Solar power can often be a controversial subject. To some, it may seem like an easy cop-out in the face of an ever-looming oil shortage to simply suggest all areas utilize solar panels. Not every nation has enough land to construct wind farms, let alone swathes of solar panels hoping to catch enough sunlight to power the lights for a day. Often times they need to be guarded by a large fence to ensure nobody steals the expensive materials. But for others it can be frustratingly simple that a carefully considered and budgeted solar power strategy could potentially reap major returns in renewable energy, aiding the world’s continual search for a truly perpetual energy source.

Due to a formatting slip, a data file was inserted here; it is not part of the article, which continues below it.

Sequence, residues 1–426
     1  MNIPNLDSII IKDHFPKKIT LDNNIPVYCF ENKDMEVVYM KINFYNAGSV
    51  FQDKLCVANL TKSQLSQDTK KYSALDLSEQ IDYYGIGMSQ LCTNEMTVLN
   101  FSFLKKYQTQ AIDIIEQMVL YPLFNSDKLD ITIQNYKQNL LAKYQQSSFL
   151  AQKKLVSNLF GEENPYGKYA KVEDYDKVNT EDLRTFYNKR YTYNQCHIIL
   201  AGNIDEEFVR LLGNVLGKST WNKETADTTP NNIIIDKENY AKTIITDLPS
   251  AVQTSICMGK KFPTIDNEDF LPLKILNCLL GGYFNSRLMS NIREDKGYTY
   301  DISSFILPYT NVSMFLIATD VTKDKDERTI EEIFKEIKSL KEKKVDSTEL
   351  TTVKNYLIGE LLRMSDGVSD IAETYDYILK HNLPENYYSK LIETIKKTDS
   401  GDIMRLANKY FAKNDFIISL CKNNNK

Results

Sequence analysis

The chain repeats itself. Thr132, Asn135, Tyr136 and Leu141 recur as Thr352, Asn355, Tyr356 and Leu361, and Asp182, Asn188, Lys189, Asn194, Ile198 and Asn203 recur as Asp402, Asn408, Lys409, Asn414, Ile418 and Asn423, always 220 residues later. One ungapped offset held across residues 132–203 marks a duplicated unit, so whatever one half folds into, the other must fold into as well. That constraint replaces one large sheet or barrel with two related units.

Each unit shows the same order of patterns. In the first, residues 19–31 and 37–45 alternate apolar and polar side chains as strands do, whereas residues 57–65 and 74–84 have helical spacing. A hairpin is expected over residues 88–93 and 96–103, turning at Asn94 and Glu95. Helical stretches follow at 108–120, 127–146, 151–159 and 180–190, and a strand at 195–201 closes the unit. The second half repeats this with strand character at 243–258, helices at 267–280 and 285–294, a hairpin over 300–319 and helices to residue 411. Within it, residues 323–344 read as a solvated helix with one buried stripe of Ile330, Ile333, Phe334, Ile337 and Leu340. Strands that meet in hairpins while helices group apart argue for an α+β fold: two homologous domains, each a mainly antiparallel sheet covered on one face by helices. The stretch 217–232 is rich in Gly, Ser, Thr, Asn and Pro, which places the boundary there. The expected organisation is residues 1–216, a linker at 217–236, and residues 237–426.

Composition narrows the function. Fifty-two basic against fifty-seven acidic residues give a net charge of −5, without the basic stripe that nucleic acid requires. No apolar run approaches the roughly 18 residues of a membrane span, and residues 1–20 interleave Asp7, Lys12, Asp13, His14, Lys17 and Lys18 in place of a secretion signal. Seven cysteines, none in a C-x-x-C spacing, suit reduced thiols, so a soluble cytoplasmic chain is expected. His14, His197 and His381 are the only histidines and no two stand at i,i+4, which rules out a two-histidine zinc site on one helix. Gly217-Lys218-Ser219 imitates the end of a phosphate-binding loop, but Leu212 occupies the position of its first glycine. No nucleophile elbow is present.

While there are sound points to be made for either side of the solar debate, not many are fully aware of the inner workings of solar energy or it implications. While wind energy is relatively straightforward, as the turbine turns when wind blows into it, solar energy is more complex than simply setting up a panel and hoping it catches some rays. Solar panels in fact need careful optimization in order to realize their full energy production potential: the panels must be angled directly at the sun (or as close as can be managed) throughout the day, so they must be able to be continually pivoted, and the electricity storage for their output must be carefully considered. Will a solar panel store electricity in a battery system for a rainy day? Or would residents prefer that it feed into the grid for a discount from the power company? These questions barely scratch the surface of the hidden complexities of solar energy.